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Advice for introducing new cat?

post #1 of 4
Thread Starter 
My girlfriend and I are going to be welcoming a new 13 month old male cat to our household. We currently have an 11 month old male that we've had since he was a kitten. We've gotten some advice about how to introduce the two, but figured some more certainly wouldn't hurt. Any tried and true methods that have worked for all of you?
post #2 of 4
I'm a newbie to this forum too, and have only been through the process of introducing a new cat to existing cats once, so here's my experience, for what it's worth.

Our existing cats were two neutered males, then aged 1.5 yrs, whom we'd adopted together when they were 7 weeks or so old. We were introducing to them the approx 3 month old stray male kitten we inherited when we moved house last year.

Initially we moved the new kitten into the spare room, as all the how-to's I'd read recommended; set him up in there with a litter box, food, water, bedding and toys, and kept the door closed - spending lots of human time in there bonding with this very friendly, and no doubt grateful for regular food kitten. To start with, the new and existing cats were only aware of each others presence by the smell of the other(s) on our hands, and any scents and sounds that crept under the door and through walls.

On the third day we began to bring the kitten out into the living area for periods of 5-15 mins at a time, several times a day, in arms mostly, being stroked and played with a little. If either of the other two walked through the room and/or approached us and noticed the new boy, all well and good. The big ol' boys were naturally tentative at first, and tended to just look briefly then go on about their business, though clearly all cats were getting used to the sight of each other.

Around the fifth day we allowed new kitten to explore beyond the living room, including where the other cats are fed and where their litterboxes are, always keeping an eye on things, so that nofeline startled any other unduly. It's just not nice to have a relative stranger bust in on you when you're eating or relieving yourself, now is it?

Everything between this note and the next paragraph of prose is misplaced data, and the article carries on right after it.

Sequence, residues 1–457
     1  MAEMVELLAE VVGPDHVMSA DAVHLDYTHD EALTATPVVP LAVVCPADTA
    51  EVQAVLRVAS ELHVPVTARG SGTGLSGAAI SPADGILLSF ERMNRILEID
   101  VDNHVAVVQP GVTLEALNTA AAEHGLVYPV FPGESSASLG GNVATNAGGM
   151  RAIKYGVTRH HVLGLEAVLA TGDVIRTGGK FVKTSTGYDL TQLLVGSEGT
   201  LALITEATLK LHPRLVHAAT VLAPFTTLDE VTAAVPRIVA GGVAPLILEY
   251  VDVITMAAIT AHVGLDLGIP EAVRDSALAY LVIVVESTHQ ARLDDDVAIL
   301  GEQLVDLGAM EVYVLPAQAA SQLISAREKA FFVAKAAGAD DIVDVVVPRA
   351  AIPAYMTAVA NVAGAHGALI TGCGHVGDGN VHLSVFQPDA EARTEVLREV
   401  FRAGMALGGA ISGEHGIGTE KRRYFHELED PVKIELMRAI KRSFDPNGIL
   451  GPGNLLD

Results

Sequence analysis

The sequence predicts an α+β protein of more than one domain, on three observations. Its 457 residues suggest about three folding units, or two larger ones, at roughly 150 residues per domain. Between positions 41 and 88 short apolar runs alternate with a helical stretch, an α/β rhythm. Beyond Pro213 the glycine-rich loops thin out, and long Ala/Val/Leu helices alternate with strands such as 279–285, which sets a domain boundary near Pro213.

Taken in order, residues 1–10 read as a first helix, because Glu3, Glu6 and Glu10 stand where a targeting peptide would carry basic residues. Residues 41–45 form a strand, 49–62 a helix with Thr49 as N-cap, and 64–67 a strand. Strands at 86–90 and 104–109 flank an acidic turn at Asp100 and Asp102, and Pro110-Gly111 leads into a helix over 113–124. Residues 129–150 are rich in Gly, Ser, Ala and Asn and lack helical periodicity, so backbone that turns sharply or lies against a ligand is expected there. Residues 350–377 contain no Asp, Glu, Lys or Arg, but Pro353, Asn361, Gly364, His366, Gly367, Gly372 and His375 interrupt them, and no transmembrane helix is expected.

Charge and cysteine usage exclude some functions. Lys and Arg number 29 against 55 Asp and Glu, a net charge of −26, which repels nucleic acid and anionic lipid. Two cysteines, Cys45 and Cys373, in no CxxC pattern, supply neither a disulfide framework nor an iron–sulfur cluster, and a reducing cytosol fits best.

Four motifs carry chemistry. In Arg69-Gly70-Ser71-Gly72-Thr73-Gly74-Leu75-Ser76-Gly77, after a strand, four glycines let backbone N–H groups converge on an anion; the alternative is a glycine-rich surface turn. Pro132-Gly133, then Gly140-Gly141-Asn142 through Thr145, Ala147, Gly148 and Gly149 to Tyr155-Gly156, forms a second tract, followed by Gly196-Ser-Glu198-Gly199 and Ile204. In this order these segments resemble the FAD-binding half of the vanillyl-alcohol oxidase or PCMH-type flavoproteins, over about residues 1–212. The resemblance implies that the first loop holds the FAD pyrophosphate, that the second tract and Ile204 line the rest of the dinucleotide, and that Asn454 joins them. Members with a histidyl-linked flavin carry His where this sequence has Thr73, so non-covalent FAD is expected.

On the first day that the new kitten was reasonably free in the house, one of the existing cats accepted him immediately, no questions asked. I spied them eating next to each other and sitting near each other in different parts of the house with never a hiss or growl. Wee new kitten still went off to his own room at night for another 2 to 2 /1/2 weeks, until I noticed that the 2nd of the big boys had stopped hissing and growling every time he encountered the new kitten. There were no actual attacks, as one or the other would just walk away after a bit of vocalising, for which I was thankful.

Well, that's probably more reading material than you were after, but that's the process of introduction as it played out in our house. I think things worked out relatively quickly for us, (it can take longer than that), but all signs at each stage were good. If bringing new kitten out into the living area had freaked out either of the existings too much, we would have left it longer before allowing new cat to begin to explore other parts of the house, etc. They all get along really well. Eating, sleeping and playing together, though I do admit to feeling super relaxed when, about a month into our having become a three cat household, new kitty was away for one night when he was neutered - but that was just about me taking awhile to trust that all truly was well.

Hope that helps, and is not just a repetition of everything else you've heard so far. Good luck!

Edited to add: Have just noticed that the stickied thread at the top of this page called "Behavior Problem - Look here first", has articles about introductions!
post #3 of 4
Please click here to get more ideas on how to introduce a new cat to your curent cat.
post #4 of 4
Along with the usual (keeping them in separate rooms, letting them 'smell' each other etc.), what we've done once they 'know' another cats around is wait till they are both about to fall asleep-- separately, then carefully carry one over to the other. I've found that when sleepy, they tend to curl up into each other, or one will start to groom/lick the other. I stand by just in case there's a problem. As they are not fully awake, instinct takes over and this allows them to get to know each other just a bit better.
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